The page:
We are told not to tell anyone we are pregnant until we are past the ‘safe’ time, whether that be an early ultrasound, the end of the first trimester, or some other event. I remember my mother not telling anyone she was pregnant with my brother until she was way past 3 months along. I totally understand the desire to keep the news of a pregnancy to oneself for a while. Sometimes treasuring your ‘secret’ and enjoying the knowledge of something special without opening it up to others is part of the celebration. But, not discussing something out of fear or cultural prohibition is disheartening and harmful.
This actually was not my first miscarriage. My first occurred at 5 weeks, the month before I became pregnant with my son. So, 4 pregnancies… 2 healthy babies, 2 miscarriages…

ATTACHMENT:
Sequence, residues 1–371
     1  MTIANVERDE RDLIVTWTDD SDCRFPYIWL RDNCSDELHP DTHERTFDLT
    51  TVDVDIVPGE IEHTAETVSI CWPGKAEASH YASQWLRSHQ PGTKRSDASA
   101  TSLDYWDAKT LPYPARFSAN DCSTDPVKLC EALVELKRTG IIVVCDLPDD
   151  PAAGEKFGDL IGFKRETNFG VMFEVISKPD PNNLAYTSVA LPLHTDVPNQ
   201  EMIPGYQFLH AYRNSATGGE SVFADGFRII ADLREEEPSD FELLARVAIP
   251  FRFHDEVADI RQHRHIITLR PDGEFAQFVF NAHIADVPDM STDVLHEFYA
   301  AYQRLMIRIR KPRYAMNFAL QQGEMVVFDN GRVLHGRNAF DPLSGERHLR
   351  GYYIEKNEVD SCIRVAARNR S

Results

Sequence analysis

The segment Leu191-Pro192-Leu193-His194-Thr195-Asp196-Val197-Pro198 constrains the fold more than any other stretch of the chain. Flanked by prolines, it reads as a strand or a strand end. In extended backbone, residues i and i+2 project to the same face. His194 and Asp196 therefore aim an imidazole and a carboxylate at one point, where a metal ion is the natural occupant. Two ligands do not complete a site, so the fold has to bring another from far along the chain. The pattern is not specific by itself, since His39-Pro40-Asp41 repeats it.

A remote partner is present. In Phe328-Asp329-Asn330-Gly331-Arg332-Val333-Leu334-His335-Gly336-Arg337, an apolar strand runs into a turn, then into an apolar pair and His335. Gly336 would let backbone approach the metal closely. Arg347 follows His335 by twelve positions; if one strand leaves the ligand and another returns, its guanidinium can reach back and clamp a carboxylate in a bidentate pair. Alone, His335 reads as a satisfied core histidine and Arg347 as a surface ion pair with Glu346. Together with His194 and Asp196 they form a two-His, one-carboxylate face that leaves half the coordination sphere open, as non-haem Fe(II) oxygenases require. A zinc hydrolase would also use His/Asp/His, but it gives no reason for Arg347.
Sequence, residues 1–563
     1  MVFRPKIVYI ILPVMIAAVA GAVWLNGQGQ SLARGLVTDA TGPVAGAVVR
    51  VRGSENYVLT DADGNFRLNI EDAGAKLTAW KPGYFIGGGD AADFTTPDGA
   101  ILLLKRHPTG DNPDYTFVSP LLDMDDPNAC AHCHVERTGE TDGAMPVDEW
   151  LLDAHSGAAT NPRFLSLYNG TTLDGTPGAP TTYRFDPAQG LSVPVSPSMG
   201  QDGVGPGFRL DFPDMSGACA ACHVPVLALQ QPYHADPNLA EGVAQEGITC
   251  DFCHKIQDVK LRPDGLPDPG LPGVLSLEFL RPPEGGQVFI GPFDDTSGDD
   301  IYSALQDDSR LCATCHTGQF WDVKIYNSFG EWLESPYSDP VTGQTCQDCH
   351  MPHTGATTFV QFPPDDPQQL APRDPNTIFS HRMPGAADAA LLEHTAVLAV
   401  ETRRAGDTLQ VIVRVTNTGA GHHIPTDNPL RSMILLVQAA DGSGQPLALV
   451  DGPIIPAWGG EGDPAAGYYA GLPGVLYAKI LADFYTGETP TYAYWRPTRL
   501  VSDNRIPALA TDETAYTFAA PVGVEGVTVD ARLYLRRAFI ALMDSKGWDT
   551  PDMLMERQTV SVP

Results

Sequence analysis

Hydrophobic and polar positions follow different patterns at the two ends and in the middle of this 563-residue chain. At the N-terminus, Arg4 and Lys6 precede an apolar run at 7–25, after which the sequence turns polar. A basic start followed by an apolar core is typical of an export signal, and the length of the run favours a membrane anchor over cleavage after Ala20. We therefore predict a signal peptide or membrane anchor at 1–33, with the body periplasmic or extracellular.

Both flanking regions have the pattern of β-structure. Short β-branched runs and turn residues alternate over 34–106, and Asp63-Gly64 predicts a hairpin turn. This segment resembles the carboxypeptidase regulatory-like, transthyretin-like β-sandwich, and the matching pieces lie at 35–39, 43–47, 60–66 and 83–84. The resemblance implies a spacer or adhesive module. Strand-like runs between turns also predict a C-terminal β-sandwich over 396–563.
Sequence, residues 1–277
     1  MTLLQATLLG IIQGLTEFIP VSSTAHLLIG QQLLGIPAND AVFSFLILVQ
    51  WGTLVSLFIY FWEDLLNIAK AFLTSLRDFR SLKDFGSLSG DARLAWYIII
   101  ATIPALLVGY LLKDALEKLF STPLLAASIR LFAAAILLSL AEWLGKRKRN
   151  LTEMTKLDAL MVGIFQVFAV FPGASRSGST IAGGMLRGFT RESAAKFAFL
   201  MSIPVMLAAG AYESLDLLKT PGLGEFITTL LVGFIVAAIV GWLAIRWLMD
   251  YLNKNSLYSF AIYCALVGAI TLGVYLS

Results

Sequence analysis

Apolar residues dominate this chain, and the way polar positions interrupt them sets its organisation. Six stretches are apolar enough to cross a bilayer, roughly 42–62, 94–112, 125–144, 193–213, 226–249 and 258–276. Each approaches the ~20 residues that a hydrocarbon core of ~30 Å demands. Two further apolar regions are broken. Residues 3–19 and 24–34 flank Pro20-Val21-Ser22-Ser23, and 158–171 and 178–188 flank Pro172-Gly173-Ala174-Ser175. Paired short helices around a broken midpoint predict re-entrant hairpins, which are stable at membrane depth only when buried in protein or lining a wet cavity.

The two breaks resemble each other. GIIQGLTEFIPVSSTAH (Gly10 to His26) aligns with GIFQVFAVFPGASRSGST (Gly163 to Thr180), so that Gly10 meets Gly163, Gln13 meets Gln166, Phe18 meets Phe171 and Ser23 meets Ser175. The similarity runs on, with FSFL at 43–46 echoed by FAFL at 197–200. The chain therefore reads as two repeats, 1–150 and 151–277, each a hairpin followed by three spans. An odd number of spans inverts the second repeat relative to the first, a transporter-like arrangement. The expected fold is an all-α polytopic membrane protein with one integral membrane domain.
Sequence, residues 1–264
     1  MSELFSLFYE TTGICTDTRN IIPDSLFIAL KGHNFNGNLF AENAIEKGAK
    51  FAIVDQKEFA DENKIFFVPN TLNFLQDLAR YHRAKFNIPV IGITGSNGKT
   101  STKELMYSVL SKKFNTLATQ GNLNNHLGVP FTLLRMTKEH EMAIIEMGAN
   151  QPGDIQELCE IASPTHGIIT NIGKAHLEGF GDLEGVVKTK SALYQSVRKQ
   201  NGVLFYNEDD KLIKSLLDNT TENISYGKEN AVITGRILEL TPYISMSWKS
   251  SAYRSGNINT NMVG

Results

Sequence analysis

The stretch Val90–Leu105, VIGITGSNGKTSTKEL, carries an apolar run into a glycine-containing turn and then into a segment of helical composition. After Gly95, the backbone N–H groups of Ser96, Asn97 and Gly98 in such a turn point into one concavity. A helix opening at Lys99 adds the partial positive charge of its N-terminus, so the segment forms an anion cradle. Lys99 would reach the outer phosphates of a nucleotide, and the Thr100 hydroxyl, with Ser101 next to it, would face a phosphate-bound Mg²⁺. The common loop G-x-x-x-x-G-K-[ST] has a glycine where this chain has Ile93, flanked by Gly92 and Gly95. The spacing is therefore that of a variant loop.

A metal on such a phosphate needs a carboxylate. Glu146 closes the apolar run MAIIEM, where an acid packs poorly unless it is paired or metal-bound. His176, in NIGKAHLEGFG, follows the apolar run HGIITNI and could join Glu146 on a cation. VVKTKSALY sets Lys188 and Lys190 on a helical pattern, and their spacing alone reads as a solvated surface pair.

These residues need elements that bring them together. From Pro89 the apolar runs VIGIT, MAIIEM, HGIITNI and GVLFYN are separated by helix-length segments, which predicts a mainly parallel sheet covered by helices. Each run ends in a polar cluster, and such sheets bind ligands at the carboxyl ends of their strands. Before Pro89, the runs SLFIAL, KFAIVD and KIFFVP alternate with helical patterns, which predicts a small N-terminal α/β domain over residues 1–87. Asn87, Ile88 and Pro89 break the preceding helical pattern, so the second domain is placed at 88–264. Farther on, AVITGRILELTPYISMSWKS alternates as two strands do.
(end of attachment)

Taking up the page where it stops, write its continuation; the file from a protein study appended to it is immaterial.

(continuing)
I have thought about the conversation around early pregnancy and miscarriage for several months now and am sharing all this in the hopes that my small voice will help nudge that conversation towards one that is more open and supportive. If you don’t tell anyone about the pregnancy, who do you talk to about its loss…?
On that note, I will cautiously say that I am currently 8 weeks along with another pregnancy. It’s a strange place to be… Excited but cautious… Hopeful but anxious… So it goes with life. In the upcoming weeks, there will be blood tests for genetic screenings and ultrasounds to look at heartbeats and other physical indications. These events will bring us some comfort, but as is always true in pregnancy, we won’t ‘really’ feel better until we hold the baby in our arms. And even then, we all know that loss is always a possibility. So, here is to loving and losing… here is to hoping…. for health and happiness… January and February will bring the birthdays of our daughter and son. We hope it will also bring the ‘birth-day’ of another child, another much loved and wanted addition to our family. Here’s to hope!